The BCG report, commissioned by CTIA, also makes some regional estimates of 5G GDP impacts, saying that while all of the U.S. will benefit, “regions with a “broader base of industries are likely to see more balanced, indirect 5G growth as those companies adopt new technologies such as smart sensors, virtual and augmented reality, and cloud computing. A region’s demographic characteristics such as age, education, and income will also influence how much and how quickly 5G contributes to the local economy.” The report estimates that for the 10-year period between 2020 and 2030, 5G deployment will create 800,000 to 1 million jobs from direct spending on capital and labor. Most of those jobs will be in construction, information services and manufacturing of infrastructure-related equipment. But about 70% of the total value generated by 5G, the BCG report said, will be realized in indirect 5G benefits, as 5G transforms industries other than ICT itself. Those indirect impacts, it said, will create $1-1.2 trillion in value and 3-3.6 million jobs by 2030 in verticals such as finance, transportation and even manufacturing, where 5G could help U.S. factories to become globally competitive in efficiency and cost-effectiveness, possibly drawing jobs back from overseas.

-The Progressive Policy Institute released analysis in the fall of 2020 estimating that 5G and related technologies will create 4.6 million additional jobs by 2034. Their analysis estimated that as of April/May 2020, current 5G build-out and engineering activities were creating 106,000 jobs.

“In an important sense, 5G job creation is a countervailing force to job destruction from automation and globalization, and critically important in the post-COVID world,” the think tank’s authors wrote. The LTE-fueled transition to an app economy created mostly “cognitive” tech jobs which required a college education. 5G, the authors said, will drive many more such cognitive tech jobs, but will also fuel demand for “mixed ‘cognitive-physical” skilled jobs, many of which fall into the category of installers and maintainers, giving examples such as field sensor technicians, construction drone operators, telehealth installers, and robotics or autonomous vehicle maintenance.

The study’s authors, Michael Mandel and Elliott Long, also make the point that employment statistics projected by the federal Bureau of Labor Statistics often miss the impacts of new technologies – for example, its projections for telecom industry jobs predicted a drop from 1993 to 2000 and ended up being off by 50% as the industry saw jobs explode, driven by 2G/3G growth. The BLS numbers for employment in the wireless industry peaked in 2007 and fell by half by 2019 – but, the PPI authors said, “In fact, wireless was creating jobs, but not in the wireless industry. More and more IT professionals were involved in either developing mobile apps, maintaining them after they were on the market, or supporting them with users.” But those jobs weren’t “in” wireless, by BLS statistical reckoning – instead, there was a surge in people working in “computer and mathematical occupations.” One of the report authors had estimated in 2012 that, based on analysis of job postings, the “app economy” was supporting 466,000 jobs, which grew to more than 2.2 million by April 2019 – representing annual growth of more than 20%, even as the overall number of “wireless industry” jobs was falling.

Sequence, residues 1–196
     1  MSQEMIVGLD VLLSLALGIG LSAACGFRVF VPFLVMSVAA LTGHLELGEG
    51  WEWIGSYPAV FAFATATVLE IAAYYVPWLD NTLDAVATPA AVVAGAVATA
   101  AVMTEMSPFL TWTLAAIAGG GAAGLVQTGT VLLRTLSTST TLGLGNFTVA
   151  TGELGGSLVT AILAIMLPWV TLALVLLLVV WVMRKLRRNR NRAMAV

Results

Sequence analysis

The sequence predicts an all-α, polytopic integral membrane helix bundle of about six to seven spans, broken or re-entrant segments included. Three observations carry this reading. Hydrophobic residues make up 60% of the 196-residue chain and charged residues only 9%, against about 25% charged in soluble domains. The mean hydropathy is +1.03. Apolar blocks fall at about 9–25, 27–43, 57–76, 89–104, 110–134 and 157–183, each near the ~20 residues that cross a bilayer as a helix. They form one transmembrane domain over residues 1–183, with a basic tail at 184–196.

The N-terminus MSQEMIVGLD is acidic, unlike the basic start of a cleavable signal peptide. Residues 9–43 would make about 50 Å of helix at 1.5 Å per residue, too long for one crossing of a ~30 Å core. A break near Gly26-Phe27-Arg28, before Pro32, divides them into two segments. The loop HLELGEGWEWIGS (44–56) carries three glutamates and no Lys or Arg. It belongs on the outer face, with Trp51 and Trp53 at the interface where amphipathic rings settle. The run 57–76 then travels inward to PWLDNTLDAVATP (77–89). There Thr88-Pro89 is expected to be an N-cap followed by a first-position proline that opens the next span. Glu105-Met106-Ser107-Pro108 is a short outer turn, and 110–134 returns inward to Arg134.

The “second wave” of wireless innovation, or the app economy, focused on industries “where the output can be reduced to bits and bytes”: Content, social networks, ecommerce – and those make up less than 20% of the economy, PPI said. What the authors called the “5G revolution” is “based on the applications of wireless to the challenges and opportunities in physical industries, such as agriculture, energy, construction, manufacturing, transportation, education, healthcare, and government (including defense).” The fact that 5G will straddle both the digital and physical worlds means that in addition to the type of high-paying tech jobs that came with the app economy, 5G is expected to “generate blue-collar jobs that use a combination of manual and problem-solving skills … which are likely to pay a wage premium as well.”

For more insights on 5G workforce trends, keep an eye out for RCR Wireless News’ upcoming editorial report.